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Discussion Starter · #1 ·
I just slugged the chamber and barrel for my pt709 and I'm getting .358 on my micrometer. I know it isn't unheard of to see 9mm bore diameters that large but was wondering if this is similar to other 709 owner's findings.

Anyone else measured the bore in their 709? What diameter did you find?

Thanks in advance!
 

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Welcome to the forum!
I haven't done mine, but it would be interesting to see the results from other 709 owners.
 

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I haven't done any work with the 709, but as an "over the top" cast bullet shooter, I have made chamber casts of my 738B, PT111 Pro, and PT138 Pro and rendered the dimensions to very detailed drawings. You will see that my bore measurements are the same leading me to believe that any 9mm or 380 Auto is barreled from the same stock.







I have done this work with all the Taurus semi autos except the 40 S&W and the 25 ACP, 32 ACP, and 45 ACP are over bore as well. Some manufacturers use this, over boring, to help reduce pressure at the shot but it is only speculation as to what is on Taurus' mind. I see a lot of comments about factory ammo not producing the velocity specs, even with like length barrels used in the figures and this is why, the barrels are dumping the pressure behind the shot.

Here are the cast bullet sizes that I recommend for the various barrels

  • 25 ACP - .256"
  • 32 ACP - .314"
  • 380 Auto - .358
  • 9mm Luger - .358
  • 45 ACP - .457"

This is what the barrel of a 25PLY looks like with a Speer .251 Gold Dot pressed into it. It could be any of the barrels I've checked but it is easier to get the bullet in and out of a 25 caliber barrel.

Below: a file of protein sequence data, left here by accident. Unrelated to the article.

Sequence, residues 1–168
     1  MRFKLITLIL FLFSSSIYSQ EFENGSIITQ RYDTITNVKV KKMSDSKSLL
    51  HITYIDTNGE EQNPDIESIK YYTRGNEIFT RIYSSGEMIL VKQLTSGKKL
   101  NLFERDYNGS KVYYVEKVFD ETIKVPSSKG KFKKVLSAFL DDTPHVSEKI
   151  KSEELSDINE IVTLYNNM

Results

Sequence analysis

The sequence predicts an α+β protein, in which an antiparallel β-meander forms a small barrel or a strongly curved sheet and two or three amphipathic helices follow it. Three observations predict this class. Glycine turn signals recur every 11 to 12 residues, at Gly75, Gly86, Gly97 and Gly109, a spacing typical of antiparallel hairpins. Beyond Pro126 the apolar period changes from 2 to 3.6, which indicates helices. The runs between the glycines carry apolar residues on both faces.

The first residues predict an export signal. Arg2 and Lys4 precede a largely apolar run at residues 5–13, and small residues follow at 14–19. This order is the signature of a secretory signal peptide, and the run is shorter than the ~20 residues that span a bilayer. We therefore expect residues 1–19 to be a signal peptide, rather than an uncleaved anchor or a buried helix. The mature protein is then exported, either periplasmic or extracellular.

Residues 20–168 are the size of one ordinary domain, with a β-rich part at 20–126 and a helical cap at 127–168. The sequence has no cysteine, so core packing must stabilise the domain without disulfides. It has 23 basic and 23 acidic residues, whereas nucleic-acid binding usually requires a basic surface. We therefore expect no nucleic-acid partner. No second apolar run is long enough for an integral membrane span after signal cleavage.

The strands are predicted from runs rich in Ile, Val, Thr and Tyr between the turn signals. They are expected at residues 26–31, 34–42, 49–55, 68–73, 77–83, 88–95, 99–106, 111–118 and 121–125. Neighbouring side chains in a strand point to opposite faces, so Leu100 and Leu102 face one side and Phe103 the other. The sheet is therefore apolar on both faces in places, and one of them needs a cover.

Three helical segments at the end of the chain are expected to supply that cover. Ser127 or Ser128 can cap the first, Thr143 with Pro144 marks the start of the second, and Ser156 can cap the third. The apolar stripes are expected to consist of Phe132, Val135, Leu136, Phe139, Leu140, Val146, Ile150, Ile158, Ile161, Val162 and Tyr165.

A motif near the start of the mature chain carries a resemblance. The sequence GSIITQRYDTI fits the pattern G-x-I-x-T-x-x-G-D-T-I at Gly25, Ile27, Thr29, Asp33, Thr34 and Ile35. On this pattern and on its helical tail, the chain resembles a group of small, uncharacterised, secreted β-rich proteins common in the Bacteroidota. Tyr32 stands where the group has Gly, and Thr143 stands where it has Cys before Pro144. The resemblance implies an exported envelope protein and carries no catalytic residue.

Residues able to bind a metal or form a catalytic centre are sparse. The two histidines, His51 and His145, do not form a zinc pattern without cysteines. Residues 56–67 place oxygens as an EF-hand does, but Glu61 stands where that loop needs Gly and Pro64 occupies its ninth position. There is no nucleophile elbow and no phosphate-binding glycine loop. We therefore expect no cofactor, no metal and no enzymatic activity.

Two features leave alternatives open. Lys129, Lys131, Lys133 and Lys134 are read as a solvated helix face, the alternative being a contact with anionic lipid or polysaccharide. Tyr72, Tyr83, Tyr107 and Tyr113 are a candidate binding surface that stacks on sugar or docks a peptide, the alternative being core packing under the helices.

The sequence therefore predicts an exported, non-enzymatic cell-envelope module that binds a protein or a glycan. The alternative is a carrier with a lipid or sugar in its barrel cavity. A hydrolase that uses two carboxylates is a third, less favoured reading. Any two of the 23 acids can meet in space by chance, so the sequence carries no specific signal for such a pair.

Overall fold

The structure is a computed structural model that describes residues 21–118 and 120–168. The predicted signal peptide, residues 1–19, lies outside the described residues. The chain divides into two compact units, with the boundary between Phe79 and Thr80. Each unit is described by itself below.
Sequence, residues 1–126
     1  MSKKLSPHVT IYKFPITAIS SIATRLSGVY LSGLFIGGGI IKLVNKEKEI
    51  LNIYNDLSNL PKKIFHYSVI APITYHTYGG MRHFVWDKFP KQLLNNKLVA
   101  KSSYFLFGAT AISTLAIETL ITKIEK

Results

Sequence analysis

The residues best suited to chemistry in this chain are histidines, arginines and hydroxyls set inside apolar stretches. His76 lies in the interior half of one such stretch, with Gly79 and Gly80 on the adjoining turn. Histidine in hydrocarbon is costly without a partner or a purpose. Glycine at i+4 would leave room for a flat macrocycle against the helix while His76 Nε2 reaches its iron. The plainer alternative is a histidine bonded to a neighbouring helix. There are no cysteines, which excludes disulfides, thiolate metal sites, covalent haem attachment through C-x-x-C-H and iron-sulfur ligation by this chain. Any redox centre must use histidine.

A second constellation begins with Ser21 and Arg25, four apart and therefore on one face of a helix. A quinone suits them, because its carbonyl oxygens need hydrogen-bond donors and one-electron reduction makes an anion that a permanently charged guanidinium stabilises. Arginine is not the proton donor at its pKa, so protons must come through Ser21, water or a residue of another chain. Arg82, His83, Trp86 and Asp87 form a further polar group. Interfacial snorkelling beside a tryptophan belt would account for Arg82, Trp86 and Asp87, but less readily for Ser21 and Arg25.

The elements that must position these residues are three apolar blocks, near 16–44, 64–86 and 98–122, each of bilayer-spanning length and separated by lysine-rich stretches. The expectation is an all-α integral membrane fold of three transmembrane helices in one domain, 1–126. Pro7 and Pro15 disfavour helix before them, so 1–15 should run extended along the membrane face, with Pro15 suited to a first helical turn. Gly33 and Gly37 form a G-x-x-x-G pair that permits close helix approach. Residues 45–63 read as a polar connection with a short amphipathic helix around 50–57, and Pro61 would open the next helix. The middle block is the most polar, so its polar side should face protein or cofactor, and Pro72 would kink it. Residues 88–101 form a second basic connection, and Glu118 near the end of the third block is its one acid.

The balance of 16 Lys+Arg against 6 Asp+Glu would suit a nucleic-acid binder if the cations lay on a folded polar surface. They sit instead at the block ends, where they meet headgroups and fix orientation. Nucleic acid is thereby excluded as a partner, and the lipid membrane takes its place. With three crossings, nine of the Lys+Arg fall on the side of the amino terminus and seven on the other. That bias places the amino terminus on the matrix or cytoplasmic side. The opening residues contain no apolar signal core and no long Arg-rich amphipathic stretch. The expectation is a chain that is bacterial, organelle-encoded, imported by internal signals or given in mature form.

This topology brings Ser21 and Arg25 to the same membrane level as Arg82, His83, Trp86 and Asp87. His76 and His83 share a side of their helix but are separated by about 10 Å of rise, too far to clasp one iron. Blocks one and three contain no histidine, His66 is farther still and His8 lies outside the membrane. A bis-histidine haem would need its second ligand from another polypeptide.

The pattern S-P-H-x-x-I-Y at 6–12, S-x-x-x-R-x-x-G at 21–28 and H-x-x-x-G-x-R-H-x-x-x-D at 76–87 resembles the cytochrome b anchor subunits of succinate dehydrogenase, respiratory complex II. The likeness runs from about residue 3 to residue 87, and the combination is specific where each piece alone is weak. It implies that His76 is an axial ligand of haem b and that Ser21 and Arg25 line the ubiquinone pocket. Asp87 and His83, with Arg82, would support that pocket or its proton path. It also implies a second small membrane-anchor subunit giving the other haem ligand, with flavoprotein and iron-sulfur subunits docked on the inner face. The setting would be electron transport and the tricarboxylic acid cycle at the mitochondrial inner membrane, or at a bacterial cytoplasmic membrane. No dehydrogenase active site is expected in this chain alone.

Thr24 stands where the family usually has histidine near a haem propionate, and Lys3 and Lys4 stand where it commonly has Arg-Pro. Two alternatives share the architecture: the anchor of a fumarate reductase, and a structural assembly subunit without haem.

If you want to tighten up the performance of your Taurus semi auto, both accuracy and velocity, shoot a properly sized cast bullet.

As a note, the barrel stock that Taurus uses on the 357 Mag, 41 Mag, 44 Mag, and 45 Colt is appropriate for the caliber and matches the stock used in the Rossi rifles. Of course, they have the cylinder gap to relieve pressure in the revolver applications.
 

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I hope this is not a dumb question, but what about jacketed/plated bullets? Do we need to worry about bullet diameters, since Taurus barrels are overbore?
 

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I hope this is not a dumb question, but what about jacketed/plated bullets? Do we need to worry about bullet diameters, since Taurus barrels are overbore?
Not a dumb question. Nothing you can do about it but understand that you will not achieve the velocities advertised for factory ammo or published data and the resulting terminal ballistics. Only way to tell for sure what velocity your handgun is achieving is with a chronograph. Messing with different diameter jacketed bullets is a little tough as there just aren't any choices unless you are a guy with the Corbin equipment rolling your own. Then you would need to worry about the initial start pressures created by the over bore bullet as copper is not as forgiving as lead.
 

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Not a dumb question. Nothing you can do about it but understand that you will not achieve the velocities advertised for factory ammo or published data and the resulting terminal ballistics. Only way to tell for sure what velocity your handgun is achieving is with a chronograph. Messing with different diameter jacketed bullets is a little tough as there just aren't any choices unless you are a guy with the Corbin equipment rolling your own. Then you would need to worry about the initial start pressures created by the over bore bullet as copper is not as forgiving as lead.
Thanks! I understand that lead bullets should be slightly oversized by 0.001" to ensure a good gas seal, and that lead is soft enough to be swaged down to the bore diameter upon firing.

What is the ideal plated/jacketed bullet diameter for a .358" bore? I am thinking that the plate/jacket is a little harder, so it cannot be swaged down as easily.
 

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Line art Cartoon Green Illustration Organism Excellent! Thanks Ranch Dog for time spent with the drawings and the information.
 

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Discussion Starter · #8 ·
Thanks everyone. Ranch Dog, that information surpasses my expectations and is greatly appreciated.